After my birthday and my eighth blogiversary, I had this brilliant idea in which to re-energize my blog. I would sit down every night at midnight and write the first thing that came to my mind, no matter how short a piece, like an old-fashioned personal diary. It seemed like an effective and simple concept, and I promoted it to others.
It was a very very very bad idea.
Most of my friends are full of compassion and dedicated to social justice, using their online influence to better the world. They share their “secrets to success.” They rally their followers against what is wrong in our society — from income inequality to gaining universal acceptance of gay marriage. Or they make us laugh, to ease the pain.
But when I sit down to write, at least at the midnight hour, when the night goes silent, and the city settles into bed, there is nothing more fearful than the voice of my honest heart. I hear the cries of disappointment and anger, lust and shame, jealousy and tears. I bully myself for my lack of courage, and then I turn to you, the reader, with my index finger shaking in your face, mocking your hypocrisy, blindness, and pettiness. And then, when guilt sets in, I apologize, begging for forgiveness.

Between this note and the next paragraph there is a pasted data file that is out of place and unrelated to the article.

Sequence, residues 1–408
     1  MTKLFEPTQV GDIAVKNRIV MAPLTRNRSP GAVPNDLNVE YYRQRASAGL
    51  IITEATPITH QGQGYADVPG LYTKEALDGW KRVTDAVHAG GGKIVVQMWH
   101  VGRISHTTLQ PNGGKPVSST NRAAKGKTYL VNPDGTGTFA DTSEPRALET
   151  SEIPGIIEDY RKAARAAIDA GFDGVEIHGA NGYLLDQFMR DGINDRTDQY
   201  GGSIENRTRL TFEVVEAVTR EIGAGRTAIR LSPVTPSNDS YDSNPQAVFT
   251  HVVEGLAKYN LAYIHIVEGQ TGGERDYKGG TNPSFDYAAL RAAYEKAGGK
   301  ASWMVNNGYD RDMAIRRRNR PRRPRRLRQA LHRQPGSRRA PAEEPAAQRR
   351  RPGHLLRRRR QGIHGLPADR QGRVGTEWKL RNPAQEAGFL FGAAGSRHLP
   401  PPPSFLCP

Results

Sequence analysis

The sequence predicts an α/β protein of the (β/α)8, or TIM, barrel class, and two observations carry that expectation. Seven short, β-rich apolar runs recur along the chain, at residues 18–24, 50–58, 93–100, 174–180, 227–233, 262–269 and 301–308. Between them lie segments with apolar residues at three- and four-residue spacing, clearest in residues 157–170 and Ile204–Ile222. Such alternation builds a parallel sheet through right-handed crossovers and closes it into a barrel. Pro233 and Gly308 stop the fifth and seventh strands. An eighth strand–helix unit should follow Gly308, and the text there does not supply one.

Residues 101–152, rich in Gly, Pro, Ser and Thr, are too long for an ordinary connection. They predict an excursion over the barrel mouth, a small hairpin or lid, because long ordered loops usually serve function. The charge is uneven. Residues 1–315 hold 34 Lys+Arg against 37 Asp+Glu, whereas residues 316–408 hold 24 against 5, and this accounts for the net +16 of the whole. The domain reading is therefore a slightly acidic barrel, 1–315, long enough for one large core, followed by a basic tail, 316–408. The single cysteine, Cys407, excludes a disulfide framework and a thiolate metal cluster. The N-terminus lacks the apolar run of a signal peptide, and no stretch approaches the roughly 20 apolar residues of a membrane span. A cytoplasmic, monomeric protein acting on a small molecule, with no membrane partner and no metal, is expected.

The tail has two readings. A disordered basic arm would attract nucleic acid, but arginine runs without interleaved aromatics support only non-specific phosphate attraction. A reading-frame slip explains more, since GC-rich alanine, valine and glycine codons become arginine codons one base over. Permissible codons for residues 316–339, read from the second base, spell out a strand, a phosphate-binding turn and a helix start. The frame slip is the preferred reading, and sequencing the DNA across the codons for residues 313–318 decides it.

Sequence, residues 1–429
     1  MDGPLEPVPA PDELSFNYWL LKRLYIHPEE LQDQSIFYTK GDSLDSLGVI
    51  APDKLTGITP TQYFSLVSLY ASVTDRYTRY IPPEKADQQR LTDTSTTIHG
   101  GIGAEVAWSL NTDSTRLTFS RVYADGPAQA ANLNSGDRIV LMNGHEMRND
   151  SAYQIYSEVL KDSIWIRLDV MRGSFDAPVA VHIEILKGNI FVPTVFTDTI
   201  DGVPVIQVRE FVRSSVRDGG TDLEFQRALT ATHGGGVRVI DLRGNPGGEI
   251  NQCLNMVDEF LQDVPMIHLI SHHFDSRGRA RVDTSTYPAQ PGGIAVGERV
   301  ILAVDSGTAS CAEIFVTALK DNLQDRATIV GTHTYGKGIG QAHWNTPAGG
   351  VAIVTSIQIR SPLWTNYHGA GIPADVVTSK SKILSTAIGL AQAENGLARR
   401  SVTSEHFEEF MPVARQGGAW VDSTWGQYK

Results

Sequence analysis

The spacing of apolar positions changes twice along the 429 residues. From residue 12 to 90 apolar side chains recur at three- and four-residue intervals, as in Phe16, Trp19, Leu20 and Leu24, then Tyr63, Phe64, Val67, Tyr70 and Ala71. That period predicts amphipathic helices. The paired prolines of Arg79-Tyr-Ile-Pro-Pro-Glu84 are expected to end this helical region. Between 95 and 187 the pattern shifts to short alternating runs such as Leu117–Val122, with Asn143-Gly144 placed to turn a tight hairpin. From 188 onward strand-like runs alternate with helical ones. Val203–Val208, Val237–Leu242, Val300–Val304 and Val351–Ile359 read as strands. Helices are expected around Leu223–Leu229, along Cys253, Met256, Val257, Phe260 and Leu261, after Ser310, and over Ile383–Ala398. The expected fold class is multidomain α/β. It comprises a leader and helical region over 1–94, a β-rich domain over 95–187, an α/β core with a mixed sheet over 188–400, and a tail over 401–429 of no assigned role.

“It is love talking,” I say. “I love you too much. And you don’t love me enough.”
It’s partly true. No, it’s mostly bullshit. I don’t know what I’m saying. And that’s the problem. At midnight, when thoughts arise, they bounce around in unexpected ways, like a rubber ball in a racquetball court. Stories of love and friendship warp into tales of yearning and abandonment.
Writing takes discipline and intelligence. There is none of that at midnight in my house. Now you know why I abandoned this “write every day” project after day four.
It would kill me. I need to go back to writing during the day, when the sun is out. Maybe once a week.